I sent around photos of women with bound feet, a close up of a bare deformed bound foot, and an embroidered shoe. I then asked my students to write on topics such as the meaning of beauty, the influence of media on our perceptions of beauty, how much is too much (plastic surgery), or comments about the essay. My students were attentive and engaged and responded enthusiastically to class discussions. I read the essay to my Strategic Literacy students with the same results.

This was a very successful lesson and can easily be expanded with other projects, such as researching rituals around the world pertaining to beauty.

Useful websites: http://starbulletin.com/98/03/10/features/story1.html
http://www.autry-museum.org/learn/images/Tom_Shee_Bin_Lesson_Plan.pdf
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6/3/2004 1:41:39 PM

mferl
mferl
Posts: 34
Subject: Re: High School Ideas - Intro to Footbinding
I know I am posting too much but I can't resist to comment on your lesson. It sounds fabulous and having students fully engaged in a lesson is always an accomplishment. Congratulations! Thank you for the share.

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magda ferl NHHS
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6/8/2004 2:35:52 PM

cdaddario
cdaddario
Posts: 35
Subject: Re: High School Ideas
Thank you,
I am coming up with ideas but need help deciding if they are appropriate.
I have been searching the web to find info so I can guide my students on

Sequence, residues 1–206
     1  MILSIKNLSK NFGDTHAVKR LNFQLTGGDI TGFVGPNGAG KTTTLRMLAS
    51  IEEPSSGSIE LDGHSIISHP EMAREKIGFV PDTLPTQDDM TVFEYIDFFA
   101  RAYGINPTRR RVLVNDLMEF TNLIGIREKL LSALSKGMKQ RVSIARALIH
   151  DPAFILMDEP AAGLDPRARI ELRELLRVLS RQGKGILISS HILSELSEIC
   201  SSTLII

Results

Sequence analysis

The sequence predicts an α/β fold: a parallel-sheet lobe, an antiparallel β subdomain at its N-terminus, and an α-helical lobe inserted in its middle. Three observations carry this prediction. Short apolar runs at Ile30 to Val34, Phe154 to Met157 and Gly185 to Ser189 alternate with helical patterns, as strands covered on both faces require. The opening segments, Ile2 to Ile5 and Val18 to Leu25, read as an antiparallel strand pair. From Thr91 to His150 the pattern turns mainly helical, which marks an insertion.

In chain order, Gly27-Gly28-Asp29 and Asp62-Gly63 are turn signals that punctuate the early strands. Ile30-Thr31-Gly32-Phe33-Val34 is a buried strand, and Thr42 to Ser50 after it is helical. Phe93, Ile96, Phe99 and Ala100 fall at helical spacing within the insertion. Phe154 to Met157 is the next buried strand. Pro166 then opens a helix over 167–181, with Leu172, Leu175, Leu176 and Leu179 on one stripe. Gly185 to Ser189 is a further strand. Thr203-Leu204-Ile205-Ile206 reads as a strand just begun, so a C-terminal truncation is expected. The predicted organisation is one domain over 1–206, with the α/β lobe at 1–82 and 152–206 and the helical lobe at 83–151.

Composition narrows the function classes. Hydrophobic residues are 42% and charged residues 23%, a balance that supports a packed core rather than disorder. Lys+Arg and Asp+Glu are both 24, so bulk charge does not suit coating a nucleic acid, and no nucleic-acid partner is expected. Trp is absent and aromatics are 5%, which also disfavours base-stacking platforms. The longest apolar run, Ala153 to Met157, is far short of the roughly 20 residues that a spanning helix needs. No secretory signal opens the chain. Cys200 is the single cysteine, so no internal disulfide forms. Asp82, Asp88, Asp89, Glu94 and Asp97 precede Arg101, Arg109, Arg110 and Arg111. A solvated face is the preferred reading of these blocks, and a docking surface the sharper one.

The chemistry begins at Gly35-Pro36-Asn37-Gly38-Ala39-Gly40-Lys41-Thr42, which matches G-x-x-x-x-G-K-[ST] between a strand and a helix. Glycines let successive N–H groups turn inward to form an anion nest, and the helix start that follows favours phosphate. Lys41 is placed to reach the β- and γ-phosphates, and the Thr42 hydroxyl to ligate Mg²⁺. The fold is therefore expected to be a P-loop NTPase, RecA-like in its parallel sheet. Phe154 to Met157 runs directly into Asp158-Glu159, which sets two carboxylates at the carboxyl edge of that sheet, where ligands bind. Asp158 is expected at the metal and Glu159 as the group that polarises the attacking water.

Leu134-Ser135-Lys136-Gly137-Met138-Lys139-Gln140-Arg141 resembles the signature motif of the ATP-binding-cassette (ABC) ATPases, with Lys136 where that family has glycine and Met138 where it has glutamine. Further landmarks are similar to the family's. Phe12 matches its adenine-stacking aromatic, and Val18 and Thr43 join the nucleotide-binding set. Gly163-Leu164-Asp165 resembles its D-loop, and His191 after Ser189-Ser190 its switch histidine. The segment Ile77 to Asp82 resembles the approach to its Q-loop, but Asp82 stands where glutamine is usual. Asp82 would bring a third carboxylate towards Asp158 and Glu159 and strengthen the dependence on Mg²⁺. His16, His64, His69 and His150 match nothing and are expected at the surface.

the web. I want to find simple,simple facts and have them search for them
on a web page I created. That is as simple as I can make it, would that be
appropriate?
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6/9/2004 8:02:23 AM

lkrant
lkrant
Posts: 38
Subject: Re: High School Ideas
My students learn internet research as part of their curriculum. My project/lesson is looking up Chinese inventions on the internet, determining when they were invented and where. There are lots of webquest lessons which will give you some ideas. These are lessons created for students to do on the computer. You would need access to a computer lab, if all of the students need computers.

Larry
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6/9/2004 10:12:13 PM

syamada
syamada
Posts: 32
Subject: Re: High School Ideas - Intro to Footbinding
Magda, thanks for the high five. I wanted to mention that one of my students in my Language! class asked about the Great Wall of China after the lesson on footbinding. Because of his interest, I printed out a photo and an article about the Great Wall to share with the class the next day, and this student took the printouts home.

There was neural branching and linkage that day!